An Overview of Chlamydia
Chlamydia, an infection caused by the bacterium Chlamydia trachomatis, is the most common curable sexually transmitted infection (STI) in the United States. It may occur at any age but is most common in young people. You may not know you have chlamydia, as it often doesn’t cause symptoms. While some are diagnosed because they seek an evaluation of symptoms such as discharge or pain, others are only diagnosed as part of routine health screening. There is no immunity to chlamydia, so reinfection is common. Chlamydia is treatable, but routine testing is obviously essential to identify an infection.
It’s estimated that approximately 1.7 million people in the United States will be diagnosed with the infection each year, with two-thirds of infections occurring in people between the ages of 15 and 24. The actual incidence is likely higher, however, given that the majority of people do not have symptoms.
Chlamydia is diagnosed almost twice as often in women than men. However, this may be because women are more likely to be screened.
Catching the infection in so many women is a good thing, of course, but disproportionate screening also means that there are too many sexual partners of infected women who are not being treated.
Chlamydia has been a reportable disease in the United States since 1994 but has only been regularly reported since 2000. The incidence of chlamydia has been increasing, though it’s not certain if this is an actual increase or due to better detection.
In order to best understand the symptoms of chlamydia, it’s helpful to briefly review the female and male genitalia.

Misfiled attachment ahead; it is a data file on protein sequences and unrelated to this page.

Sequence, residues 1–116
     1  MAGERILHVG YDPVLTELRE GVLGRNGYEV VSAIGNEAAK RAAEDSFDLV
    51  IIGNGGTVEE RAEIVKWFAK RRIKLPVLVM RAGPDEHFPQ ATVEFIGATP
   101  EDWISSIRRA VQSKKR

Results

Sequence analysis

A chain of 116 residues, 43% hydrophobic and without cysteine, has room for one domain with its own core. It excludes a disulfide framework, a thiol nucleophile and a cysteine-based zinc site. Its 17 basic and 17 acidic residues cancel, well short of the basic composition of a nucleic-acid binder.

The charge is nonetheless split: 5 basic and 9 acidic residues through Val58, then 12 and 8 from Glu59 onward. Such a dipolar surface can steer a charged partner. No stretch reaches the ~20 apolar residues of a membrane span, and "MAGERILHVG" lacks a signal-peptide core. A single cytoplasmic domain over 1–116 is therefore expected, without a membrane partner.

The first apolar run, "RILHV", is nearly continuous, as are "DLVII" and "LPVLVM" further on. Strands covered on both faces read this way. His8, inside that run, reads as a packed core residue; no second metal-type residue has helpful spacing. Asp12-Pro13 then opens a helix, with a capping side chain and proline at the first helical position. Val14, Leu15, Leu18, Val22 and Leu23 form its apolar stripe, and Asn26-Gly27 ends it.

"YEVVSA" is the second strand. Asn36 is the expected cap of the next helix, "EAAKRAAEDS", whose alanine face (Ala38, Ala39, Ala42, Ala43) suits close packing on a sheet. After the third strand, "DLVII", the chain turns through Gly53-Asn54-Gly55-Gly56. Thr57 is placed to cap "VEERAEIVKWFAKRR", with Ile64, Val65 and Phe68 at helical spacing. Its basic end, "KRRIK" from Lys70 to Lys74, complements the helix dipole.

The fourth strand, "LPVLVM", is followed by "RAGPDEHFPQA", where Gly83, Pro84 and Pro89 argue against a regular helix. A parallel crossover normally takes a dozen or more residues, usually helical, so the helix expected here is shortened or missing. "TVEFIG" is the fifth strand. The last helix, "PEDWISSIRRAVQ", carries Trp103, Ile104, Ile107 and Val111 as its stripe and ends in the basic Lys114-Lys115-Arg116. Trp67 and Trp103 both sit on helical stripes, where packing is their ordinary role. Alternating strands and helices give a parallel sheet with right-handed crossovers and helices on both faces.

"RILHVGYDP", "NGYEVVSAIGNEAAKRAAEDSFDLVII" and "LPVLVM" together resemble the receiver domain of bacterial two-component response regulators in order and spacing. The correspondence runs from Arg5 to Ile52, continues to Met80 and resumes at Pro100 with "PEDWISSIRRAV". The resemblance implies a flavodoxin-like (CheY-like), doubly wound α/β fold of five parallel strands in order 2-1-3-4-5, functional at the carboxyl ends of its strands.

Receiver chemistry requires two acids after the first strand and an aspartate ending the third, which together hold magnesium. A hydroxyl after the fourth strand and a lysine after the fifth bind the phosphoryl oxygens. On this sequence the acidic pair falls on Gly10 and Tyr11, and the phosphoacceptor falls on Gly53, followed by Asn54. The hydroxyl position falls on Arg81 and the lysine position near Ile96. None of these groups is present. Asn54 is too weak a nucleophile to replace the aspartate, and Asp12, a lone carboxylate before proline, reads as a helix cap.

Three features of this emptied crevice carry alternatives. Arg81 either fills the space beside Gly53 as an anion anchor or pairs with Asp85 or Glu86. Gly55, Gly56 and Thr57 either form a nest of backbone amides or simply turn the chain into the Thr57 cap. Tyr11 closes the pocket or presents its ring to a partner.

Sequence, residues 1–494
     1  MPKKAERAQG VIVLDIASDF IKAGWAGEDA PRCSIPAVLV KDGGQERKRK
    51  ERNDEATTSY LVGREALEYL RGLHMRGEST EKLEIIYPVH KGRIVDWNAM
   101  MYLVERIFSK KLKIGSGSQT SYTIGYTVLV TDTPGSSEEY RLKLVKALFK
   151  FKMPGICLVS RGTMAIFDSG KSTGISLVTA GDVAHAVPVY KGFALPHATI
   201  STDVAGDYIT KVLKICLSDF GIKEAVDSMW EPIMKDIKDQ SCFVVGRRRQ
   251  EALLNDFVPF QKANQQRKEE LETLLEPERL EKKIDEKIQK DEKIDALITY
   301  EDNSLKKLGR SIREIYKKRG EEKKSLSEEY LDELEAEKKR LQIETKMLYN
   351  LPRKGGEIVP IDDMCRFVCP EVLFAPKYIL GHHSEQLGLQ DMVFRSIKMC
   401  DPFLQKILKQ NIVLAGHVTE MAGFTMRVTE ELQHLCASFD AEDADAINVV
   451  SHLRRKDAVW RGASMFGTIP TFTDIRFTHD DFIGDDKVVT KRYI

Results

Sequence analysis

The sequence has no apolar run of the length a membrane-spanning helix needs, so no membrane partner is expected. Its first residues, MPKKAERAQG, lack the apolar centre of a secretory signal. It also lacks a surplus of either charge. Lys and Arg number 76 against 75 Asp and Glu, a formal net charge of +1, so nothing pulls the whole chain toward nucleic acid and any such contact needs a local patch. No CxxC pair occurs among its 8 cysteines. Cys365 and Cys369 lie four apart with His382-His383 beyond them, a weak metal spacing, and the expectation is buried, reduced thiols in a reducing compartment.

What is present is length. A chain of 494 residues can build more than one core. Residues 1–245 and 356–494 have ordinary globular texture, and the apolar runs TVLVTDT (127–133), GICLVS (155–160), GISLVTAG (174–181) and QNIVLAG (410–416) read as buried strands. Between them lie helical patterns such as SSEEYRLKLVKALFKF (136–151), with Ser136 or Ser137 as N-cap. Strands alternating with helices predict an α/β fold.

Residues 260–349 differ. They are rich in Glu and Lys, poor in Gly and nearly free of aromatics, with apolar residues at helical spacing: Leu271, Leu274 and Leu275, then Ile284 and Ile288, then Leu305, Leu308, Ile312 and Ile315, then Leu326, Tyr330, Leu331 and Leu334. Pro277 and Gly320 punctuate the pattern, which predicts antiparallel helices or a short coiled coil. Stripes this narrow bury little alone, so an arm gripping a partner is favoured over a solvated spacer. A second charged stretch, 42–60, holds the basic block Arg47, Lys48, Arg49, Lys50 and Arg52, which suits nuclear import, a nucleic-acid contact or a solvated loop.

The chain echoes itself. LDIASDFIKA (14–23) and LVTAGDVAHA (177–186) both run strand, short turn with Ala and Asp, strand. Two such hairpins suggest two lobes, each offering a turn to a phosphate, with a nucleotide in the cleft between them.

The female reproductive system consists of the vagina, the uterus, the cervix (the opening between the vagina and the uterus), the fallopian tubes, and the ovaries.
The cervix is the site of chlamydial infections in 75-80% of women.
From there, bacteria can travel through the uterus and up into the tubes, ovaries, and surrounding structures causing an infection known as pelvic inflammatory disease (PID).
The male reproductive system consists of the penis, the testes, the prostate gland, and associated ducts. Chlamydia infections in men often affect the urethra (the tube running from the bladder to the tip of the penis). From this location, the bacteria can travel to the epididymis—a tube that resides behind the testicles—resulting in a condition known as epididymitis.
The symptoms of chlamydia vary between men and women, and also with the location of the infection. Often, people with chlamydia don’t have any symptoms. Even when that’s the case, the infection can still damage the reproductive system. Screening is often done to detect asymptomatic infection.
It’s estimated that only 5 percent to 30 percent of women who are infected with chlamydia will have symptoms. The most common symptom is vaginal discharge, which can be thin or thick, clear or colored (often yellow). Women may also notice redness, swelling, burning, or itching of the vulva and vaginal area.
Pain and burning with urination may occur, and urination frequency may increase. Involvement of the cervix can cause pain with sex (dyspareunia) and bleeding between periods.
When the infection travels to the fallopian tubes and pelvis, abdominal and back pain, as well as flu-like symptoms such as a fever, may occur.
Chlamydia is known as the “silent infection” because symptoms are not always present.
It’s estimated that only 10 percent of men will have symptoms related to chlamydia infection. When present, symptoms may include pain and burning during urination as well as urinary frequency.
There may be redness, swelling, and itching around the opening of the penis, as well as discharge from the penis (which can vary from clear and watery to thick and yellow-green).